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TRUMKA: 'THE PROMISE HAS BEEN KEPT'; COAL FIELD HEALTH CARE CRISIS ENDS

TRUMKA: 'THE PROMISE HAS BEEN KEPT'; COAL FIELD HEALTH CARE CRISIS ENDS
 WASHINGTON, Oct. 24 /PRNewswire/ -- A crisis which threatened to deny medical care to 220,000 retired coal miners and their dependents will end today with White House approval of the national energy bill. The legislation, to be signed today by President Bush, includes new financial guarantees for an ailing coal miner health benefits plan jointly initiated by the coal industry, the United Mine Workers of America (UMWA) and President Harry Truman in 1946.
 Speaking in Washington, UMWA President Richard Trumka said approval of the retired coal mine benefit guarantees was a "historic breakthrough, not just for mine workers, but for all union families."
 "This represents the single biggest victory for the mine workers in 50 years," Trumka added. "Because of it, 220,000 men and women will live longer, happier and healthier lives.
 "In 1946, UMWA President John L. Lewis told America's coal mining families that this nation made a life-long commitment to their health and security. Today, I'm telling coal-field families that, thanks to their unity and solidarity, that commitment will continue to be honored and that the promise won by John L. Lewis has been kept," Trumka said.
 Under the terms of the legislation to be signed today, companies who had refused to honor their obligations to contribute to the employer-funded UMWA Health and Retirement Funds will be required to pay into the program once again. Additional financial support for the ailing medical benefits plan will be provided by earmarking dollars generated through an abandoned mine lands reclamation program. Under terms of the new law, surplus pension dollars will also be applied to easing the health fund's woes.
 In recent years, the health funds generated record high deficits and were nearing collapse as a result of increased bankruptcies within the coal industry and a refusal by many coal operators to honor past financial commitments to the funds. Earlier this year, a federal judge had ordered companies currently paying into the funds to increase their contribution rate. Trumka, whose union waged a three-year campaign for retiree health care guarantees, had warned that a failure to protect the benefits would trigger "chaos in the coal fields."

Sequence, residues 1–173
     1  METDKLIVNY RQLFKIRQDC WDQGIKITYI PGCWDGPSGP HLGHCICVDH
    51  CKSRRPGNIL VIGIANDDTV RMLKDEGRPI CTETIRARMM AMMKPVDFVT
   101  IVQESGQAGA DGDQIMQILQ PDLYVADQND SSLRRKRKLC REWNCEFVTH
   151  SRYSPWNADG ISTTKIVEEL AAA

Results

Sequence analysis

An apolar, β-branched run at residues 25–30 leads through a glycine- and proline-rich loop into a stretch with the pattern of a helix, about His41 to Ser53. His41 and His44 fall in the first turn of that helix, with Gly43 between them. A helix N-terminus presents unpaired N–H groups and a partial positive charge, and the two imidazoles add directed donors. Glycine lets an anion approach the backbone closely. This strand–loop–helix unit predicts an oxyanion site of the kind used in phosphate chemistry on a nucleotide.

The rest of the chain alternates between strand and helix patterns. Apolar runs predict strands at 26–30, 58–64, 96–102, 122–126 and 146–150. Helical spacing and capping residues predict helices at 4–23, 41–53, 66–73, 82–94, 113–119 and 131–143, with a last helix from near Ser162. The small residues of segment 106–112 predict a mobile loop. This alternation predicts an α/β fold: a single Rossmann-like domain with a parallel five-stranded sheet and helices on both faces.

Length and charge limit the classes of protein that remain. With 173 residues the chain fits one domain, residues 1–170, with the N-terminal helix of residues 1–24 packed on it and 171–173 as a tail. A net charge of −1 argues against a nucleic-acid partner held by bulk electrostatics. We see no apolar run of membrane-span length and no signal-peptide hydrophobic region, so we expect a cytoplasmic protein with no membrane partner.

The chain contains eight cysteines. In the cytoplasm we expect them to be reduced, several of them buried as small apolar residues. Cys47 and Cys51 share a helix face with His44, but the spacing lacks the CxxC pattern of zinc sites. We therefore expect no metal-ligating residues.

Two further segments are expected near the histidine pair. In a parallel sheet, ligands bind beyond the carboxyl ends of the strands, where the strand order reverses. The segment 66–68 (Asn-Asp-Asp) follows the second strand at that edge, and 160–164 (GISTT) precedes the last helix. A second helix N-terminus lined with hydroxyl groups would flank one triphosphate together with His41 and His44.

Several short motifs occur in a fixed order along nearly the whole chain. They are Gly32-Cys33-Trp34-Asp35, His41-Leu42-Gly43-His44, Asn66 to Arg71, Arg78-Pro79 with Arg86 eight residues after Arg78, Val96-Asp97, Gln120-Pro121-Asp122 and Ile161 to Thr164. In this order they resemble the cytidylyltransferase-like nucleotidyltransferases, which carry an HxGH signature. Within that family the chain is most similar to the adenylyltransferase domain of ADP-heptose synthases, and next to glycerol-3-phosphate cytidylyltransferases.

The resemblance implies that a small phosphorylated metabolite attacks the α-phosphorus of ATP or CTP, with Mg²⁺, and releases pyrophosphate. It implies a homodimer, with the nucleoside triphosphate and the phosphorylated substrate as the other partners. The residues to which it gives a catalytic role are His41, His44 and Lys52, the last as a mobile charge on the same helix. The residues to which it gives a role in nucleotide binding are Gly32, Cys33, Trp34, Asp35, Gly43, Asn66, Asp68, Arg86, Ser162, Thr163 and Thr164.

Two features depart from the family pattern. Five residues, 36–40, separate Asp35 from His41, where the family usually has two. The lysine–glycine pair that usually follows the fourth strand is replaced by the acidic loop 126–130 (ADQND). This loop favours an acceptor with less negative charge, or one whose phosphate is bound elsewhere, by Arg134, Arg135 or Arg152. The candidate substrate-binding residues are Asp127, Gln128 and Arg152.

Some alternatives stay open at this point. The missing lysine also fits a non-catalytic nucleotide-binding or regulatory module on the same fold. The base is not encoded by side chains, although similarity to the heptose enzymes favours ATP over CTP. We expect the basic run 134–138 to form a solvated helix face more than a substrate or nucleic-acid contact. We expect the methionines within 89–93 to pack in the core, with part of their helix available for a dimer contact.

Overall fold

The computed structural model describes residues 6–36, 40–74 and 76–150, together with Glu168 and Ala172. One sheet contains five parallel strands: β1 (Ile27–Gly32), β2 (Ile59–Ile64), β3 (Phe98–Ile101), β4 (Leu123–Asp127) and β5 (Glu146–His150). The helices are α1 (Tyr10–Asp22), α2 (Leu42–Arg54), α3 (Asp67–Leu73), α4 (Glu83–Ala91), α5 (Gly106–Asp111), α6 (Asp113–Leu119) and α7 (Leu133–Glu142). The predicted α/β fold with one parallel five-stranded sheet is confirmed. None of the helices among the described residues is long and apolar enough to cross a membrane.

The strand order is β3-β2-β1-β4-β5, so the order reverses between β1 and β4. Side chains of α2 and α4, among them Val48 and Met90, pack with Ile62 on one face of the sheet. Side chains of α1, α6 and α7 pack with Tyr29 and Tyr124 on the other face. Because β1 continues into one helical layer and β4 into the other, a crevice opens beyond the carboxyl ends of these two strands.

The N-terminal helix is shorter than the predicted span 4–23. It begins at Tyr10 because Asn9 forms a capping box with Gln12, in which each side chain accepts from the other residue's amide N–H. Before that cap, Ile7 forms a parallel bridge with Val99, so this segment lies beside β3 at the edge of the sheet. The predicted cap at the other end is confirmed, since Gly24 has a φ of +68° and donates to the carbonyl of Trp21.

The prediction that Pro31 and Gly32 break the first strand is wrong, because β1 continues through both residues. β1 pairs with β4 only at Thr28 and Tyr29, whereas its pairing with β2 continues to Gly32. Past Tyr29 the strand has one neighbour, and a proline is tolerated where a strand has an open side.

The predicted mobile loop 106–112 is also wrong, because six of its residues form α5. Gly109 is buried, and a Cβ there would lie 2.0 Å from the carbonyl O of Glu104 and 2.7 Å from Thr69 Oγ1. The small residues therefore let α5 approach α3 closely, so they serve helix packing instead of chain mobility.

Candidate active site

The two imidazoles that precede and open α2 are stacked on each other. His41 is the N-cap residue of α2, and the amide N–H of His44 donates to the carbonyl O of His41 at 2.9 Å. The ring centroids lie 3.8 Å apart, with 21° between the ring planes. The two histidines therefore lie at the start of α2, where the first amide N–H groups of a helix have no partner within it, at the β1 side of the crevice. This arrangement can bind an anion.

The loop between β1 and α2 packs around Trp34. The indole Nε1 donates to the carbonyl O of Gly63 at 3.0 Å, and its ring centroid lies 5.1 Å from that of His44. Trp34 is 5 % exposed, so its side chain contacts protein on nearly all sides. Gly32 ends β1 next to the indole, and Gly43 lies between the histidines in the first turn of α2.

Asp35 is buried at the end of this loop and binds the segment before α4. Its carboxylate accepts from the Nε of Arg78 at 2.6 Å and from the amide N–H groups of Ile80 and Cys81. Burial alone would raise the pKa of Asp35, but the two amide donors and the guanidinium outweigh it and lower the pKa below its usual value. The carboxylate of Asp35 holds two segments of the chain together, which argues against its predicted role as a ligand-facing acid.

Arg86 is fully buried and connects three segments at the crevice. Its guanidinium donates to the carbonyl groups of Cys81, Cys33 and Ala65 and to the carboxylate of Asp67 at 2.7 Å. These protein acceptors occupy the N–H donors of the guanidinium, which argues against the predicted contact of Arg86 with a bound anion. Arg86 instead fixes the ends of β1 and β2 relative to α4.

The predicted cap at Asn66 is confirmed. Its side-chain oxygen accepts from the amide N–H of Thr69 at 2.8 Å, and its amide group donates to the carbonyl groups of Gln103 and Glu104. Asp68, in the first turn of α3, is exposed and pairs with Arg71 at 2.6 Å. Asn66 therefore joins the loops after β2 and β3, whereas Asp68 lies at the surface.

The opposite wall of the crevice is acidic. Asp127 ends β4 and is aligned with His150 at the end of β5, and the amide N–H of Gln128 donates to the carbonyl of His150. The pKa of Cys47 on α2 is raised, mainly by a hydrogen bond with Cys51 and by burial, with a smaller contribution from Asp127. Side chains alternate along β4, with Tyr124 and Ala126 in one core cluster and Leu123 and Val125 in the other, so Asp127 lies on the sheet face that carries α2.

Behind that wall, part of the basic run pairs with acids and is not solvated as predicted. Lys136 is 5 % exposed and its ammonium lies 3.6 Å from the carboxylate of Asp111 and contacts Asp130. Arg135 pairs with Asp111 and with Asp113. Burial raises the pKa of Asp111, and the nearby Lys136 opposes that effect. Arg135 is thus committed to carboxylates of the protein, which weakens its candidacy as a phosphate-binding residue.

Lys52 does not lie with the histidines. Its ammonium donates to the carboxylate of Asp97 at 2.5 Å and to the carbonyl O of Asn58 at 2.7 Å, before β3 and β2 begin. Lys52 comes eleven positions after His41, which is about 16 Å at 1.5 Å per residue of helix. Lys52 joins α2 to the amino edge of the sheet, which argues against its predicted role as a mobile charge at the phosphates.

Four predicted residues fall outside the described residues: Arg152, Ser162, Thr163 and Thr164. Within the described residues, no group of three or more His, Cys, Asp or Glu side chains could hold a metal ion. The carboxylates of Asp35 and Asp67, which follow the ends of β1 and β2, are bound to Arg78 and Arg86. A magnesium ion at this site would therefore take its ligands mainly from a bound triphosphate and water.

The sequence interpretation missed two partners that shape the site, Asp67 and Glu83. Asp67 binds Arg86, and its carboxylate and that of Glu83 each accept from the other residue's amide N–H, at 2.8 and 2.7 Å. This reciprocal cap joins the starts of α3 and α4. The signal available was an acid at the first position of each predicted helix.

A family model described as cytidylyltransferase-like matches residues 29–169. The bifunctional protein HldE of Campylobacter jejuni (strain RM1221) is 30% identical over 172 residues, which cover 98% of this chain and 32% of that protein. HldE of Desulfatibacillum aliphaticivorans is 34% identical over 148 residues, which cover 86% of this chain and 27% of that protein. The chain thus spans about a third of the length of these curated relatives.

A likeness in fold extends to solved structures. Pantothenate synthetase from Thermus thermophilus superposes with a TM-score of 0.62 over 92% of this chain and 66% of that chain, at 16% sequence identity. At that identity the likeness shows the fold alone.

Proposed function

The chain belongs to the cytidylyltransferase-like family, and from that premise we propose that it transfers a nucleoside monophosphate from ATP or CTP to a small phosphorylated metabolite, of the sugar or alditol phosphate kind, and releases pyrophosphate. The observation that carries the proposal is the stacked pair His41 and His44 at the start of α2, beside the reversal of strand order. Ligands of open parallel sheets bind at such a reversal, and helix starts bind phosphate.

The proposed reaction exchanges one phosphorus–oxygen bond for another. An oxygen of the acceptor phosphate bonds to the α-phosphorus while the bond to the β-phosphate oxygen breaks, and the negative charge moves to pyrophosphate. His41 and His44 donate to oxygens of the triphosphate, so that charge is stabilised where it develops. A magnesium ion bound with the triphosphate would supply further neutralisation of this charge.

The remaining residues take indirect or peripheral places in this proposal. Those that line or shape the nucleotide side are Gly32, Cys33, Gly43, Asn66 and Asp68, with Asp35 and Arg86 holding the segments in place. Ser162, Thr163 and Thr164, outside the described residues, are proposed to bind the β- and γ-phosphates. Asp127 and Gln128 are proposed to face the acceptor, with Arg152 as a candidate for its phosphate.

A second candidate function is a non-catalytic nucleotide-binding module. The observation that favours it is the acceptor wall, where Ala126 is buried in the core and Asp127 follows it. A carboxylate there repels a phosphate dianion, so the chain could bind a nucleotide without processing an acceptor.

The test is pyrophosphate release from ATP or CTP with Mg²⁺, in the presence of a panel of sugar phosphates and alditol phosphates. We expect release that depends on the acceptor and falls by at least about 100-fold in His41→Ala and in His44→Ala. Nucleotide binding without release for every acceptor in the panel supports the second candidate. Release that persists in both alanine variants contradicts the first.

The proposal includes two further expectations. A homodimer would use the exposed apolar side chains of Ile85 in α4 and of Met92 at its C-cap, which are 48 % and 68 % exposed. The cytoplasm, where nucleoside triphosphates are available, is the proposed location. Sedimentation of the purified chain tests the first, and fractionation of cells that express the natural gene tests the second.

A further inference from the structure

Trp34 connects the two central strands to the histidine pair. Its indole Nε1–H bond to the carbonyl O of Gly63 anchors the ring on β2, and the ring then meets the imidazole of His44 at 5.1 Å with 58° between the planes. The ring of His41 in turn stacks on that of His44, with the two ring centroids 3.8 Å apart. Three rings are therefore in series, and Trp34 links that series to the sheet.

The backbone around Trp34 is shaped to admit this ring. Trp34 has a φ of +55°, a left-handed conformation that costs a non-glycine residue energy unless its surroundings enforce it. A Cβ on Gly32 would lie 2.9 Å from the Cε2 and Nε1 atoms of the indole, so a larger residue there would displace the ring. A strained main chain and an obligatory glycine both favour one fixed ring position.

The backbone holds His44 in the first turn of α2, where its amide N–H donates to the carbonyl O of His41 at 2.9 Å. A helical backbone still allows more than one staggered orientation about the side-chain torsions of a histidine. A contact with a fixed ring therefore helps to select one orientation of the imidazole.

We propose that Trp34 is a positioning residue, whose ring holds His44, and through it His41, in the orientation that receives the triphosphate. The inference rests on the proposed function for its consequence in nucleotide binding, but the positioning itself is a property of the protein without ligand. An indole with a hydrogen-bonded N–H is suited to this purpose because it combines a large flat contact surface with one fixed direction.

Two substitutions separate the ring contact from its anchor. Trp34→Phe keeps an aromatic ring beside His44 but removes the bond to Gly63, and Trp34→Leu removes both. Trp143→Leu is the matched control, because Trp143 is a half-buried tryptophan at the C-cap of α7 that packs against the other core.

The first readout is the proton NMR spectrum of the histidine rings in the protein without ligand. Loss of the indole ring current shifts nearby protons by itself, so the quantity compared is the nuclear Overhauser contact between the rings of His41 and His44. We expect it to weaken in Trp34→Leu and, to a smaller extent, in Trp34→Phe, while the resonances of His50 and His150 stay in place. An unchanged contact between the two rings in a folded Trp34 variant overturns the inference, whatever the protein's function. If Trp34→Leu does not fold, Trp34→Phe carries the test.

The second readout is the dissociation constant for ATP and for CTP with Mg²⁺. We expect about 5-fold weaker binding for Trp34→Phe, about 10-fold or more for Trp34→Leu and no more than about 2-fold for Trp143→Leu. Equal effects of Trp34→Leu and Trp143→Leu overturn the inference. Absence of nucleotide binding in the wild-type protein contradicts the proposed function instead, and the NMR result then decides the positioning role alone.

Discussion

The UMWA leader welcomed the White House's decision to sign the legislation, but pointed out that their support "wasn't driven by any compassion for America's coal miners, but by the desire to satisfy Sen. Jay Rockefeller and the UMWA's other supporters on Capitol Hill."
 Trumka said that the Bush administration, which initially opposed the UMWA's efforts and vetoed an earlier version of the measure, understood "that unless UMWA pensioners and widows' health care needs were satisfied, there would be no national energy bill."
 "Sen. Rockefeller showed that all it takes to make the difference for working people is one committed legislator who has the guts to stand up," Trumka said.
 The UMWA leader, who noted that his own parents depend on the fund's benefits, said passage of the benefit guarantees also represents "the first breakthrough ever by organized labor on the health care issue in Washington."
 Congratulating Trumka on the union's success, national AFL-CIO President Lane Kirkland said "the UMWA's victory demonstrates, once again, that government must -- and can -- play a crucial role in guaranteeing the basic right to health care."
 "As always, the remarkable unity and strength in purpose of UMWA families has shown our nation that solidarity works," Kirkland added.
 -0- 10/24/92
 /CONTACT: Jim Grossfeld of UMWA, 202-842-7240, or 202-625-7089/ CO: United Mine Workers of America ST: District of Columbia IN: HEA SU:


CK-MA -- NYSA007 -- 4467 10/24/92 14:12 EDT
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Date:Oct 24, 1992
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